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by Vault Law Editors | April 29, 2011


This week’s NALP conference included a lively discussion on law firm transparency, stemming from the new transparency questions in Vault’s law firm associate survey. As I discussed in my prior post, one of the main concerns over transparency was internal firm information leaking into the public. The conversation grew quite passionate, with both panel members and session attendees directing some frustration toward Above the Law—known for breaking the latest happenings at law firms and for its no-holds-barred comments section—whose managing editor David Lat was in attendance.

While there is no doubt that the Internet and social media pose challenges for firms in managing their internal communications, these challenges are here to stay. We are in a communication-heavy, real-time, Internet world—and we’re not going back. Rather than getting stressed about the negatives of the Internet and keeping their lips pursed, firms should develop strategies to properly address transparency in this connected world. I think these strategies should include more-personalized communication with associates (as was raised in the panel discussion), openness to answering associates’ questions and concerns about firm decisions (also raised in the panel) and relationship-building. In other words, associates should be more than numbered robots—they should be valued, trusted parts of the team.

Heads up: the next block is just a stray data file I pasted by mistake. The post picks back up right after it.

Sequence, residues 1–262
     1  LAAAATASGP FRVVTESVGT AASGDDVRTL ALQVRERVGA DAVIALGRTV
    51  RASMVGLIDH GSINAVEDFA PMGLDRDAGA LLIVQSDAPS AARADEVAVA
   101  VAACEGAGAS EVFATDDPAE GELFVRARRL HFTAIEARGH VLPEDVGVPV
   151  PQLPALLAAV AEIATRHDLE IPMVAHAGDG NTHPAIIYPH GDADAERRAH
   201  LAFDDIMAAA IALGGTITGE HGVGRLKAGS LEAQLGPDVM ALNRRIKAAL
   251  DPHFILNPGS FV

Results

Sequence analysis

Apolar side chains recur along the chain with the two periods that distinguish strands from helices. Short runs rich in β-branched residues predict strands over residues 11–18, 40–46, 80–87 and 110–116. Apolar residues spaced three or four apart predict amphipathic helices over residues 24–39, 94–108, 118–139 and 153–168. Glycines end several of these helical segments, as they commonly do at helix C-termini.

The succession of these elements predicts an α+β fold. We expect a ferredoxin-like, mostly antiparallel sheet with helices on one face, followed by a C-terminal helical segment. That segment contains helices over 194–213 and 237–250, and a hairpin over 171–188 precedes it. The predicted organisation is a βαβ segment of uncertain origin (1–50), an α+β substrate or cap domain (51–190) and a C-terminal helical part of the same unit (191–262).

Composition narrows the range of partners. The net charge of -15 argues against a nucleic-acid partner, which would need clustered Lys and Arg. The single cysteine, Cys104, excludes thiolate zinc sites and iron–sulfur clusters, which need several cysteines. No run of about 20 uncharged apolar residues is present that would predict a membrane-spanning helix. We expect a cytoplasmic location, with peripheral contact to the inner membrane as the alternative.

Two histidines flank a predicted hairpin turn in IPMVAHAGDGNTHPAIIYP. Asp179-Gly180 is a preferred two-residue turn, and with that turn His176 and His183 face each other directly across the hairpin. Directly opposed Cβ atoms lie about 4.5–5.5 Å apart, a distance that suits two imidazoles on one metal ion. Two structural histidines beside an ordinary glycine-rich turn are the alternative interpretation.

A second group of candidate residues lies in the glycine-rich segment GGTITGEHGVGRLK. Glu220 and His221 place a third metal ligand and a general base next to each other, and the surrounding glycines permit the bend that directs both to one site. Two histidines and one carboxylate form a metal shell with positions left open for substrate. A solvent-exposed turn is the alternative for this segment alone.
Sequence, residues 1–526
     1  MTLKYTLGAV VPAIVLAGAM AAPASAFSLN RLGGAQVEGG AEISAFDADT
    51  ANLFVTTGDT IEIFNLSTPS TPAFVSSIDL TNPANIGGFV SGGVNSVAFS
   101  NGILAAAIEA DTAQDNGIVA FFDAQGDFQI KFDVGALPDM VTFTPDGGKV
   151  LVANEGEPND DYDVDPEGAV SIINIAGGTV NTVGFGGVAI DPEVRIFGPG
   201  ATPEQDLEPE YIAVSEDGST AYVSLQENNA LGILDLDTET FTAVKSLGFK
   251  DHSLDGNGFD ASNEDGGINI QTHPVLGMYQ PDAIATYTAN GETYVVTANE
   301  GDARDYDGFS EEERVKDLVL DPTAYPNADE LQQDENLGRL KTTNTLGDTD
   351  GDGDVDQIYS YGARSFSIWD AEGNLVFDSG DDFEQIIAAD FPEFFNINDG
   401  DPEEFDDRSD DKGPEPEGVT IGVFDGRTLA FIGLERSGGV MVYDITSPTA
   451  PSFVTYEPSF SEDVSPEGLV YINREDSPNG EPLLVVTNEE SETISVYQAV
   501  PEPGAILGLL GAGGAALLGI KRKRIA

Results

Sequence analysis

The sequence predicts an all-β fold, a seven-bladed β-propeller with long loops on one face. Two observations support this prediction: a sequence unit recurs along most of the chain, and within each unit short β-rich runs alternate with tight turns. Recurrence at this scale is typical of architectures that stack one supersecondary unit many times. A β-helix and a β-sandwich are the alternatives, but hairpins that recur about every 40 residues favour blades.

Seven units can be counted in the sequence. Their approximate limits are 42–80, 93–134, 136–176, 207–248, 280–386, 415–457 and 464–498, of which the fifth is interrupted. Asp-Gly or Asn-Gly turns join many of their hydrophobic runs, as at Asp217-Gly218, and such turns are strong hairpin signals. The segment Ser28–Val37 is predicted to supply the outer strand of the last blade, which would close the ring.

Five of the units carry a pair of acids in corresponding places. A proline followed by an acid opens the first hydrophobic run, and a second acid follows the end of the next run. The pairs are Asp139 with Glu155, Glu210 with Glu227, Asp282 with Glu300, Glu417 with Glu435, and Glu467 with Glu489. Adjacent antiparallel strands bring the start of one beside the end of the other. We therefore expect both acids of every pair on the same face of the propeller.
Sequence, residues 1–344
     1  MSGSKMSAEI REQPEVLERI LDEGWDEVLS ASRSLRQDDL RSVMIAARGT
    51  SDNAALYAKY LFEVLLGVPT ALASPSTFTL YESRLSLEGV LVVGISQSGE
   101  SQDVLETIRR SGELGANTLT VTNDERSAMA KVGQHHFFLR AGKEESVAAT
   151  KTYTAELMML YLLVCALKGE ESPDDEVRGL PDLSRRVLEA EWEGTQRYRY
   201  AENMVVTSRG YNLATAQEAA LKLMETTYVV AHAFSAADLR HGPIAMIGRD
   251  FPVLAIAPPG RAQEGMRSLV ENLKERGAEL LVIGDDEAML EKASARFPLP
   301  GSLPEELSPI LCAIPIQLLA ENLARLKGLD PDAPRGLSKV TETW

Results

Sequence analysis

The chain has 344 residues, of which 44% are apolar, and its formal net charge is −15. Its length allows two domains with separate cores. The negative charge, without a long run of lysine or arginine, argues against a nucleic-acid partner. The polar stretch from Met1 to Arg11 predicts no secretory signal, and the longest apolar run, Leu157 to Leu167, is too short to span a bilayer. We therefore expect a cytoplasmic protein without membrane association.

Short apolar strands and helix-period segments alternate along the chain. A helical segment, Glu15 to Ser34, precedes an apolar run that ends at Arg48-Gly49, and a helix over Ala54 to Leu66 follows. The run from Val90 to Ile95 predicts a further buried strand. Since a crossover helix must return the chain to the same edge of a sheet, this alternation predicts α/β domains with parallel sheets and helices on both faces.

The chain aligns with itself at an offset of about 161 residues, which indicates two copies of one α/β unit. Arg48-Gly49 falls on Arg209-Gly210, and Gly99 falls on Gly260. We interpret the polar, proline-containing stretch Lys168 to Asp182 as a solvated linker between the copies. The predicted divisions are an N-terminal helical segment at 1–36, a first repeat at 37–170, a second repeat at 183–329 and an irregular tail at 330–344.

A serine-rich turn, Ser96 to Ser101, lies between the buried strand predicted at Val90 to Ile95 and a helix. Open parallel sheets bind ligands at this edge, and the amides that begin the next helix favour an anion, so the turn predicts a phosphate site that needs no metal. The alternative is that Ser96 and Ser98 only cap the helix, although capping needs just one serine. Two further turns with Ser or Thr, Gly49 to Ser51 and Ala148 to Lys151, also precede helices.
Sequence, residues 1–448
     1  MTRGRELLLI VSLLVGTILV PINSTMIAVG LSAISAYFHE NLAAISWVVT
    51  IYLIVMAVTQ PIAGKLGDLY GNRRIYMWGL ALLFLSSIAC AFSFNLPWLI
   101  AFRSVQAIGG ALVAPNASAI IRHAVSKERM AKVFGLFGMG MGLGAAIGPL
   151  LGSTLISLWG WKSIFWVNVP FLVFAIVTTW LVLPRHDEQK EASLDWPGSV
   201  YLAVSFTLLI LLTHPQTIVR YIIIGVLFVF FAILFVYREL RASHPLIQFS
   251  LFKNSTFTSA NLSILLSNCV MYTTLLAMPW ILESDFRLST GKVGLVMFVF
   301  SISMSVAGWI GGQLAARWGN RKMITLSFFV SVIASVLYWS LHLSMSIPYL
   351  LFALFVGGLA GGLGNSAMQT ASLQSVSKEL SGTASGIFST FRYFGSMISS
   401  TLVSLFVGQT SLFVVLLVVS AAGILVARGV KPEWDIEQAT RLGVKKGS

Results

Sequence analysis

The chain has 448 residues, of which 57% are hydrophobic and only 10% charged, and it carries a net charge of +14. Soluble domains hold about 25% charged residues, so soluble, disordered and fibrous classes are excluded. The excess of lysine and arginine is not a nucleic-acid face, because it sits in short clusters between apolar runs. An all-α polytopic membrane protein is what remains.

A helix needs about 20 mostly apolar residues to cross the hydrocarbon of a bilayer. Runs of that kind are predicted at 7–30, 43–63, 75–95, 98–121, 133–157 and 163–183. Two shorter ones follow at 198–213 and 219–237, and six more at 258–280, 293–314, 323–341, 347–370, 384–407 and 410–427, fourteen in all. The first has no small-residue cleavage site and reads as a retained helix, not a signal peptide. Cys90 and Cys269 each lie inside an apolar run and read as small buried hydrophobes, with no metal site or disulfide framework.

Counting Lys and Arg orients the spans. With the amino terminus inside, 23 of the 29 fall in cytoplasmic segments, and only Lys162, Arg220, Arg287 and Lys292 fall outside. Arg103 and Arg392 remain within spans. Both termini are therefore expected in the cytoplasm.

Of course, as Charlotte Wager of Jenner & Block pointed out during the panel, certain information that would be appropriate for internal-firm disclosure isn’t meant to be shared externally. I agree with that, and I understand why firms would be hesitant to share sensitive information with the risk of it leaking to an online source. But maybe this all goes back to building relationships and trust with your associates.

With proper trust in place, firms can convey the gravity of the data and the importance of keeping certain information internal. After all, associates don’t leak confidential information about their clients and matters (or if they did, they’d be in a lot of ethical hot water). Perhaps with an appreciation of the knowledge being shared with them, a deeper understanding of why it is sensitive and specific notice that the information is for internal use only, associates will be less likely to leak it.

Sure, certain information that is less private and more personal to associates—such as compensation and yearly bonuses—may not be kept out of the limelight. We have to accept this new standard to a degree. But with well-developed practices and relationships, firms may be able to boost their transparency without sweating.

Read More:
Law Firm Transparency: Whether or How to Disclose?


Filed Under: Law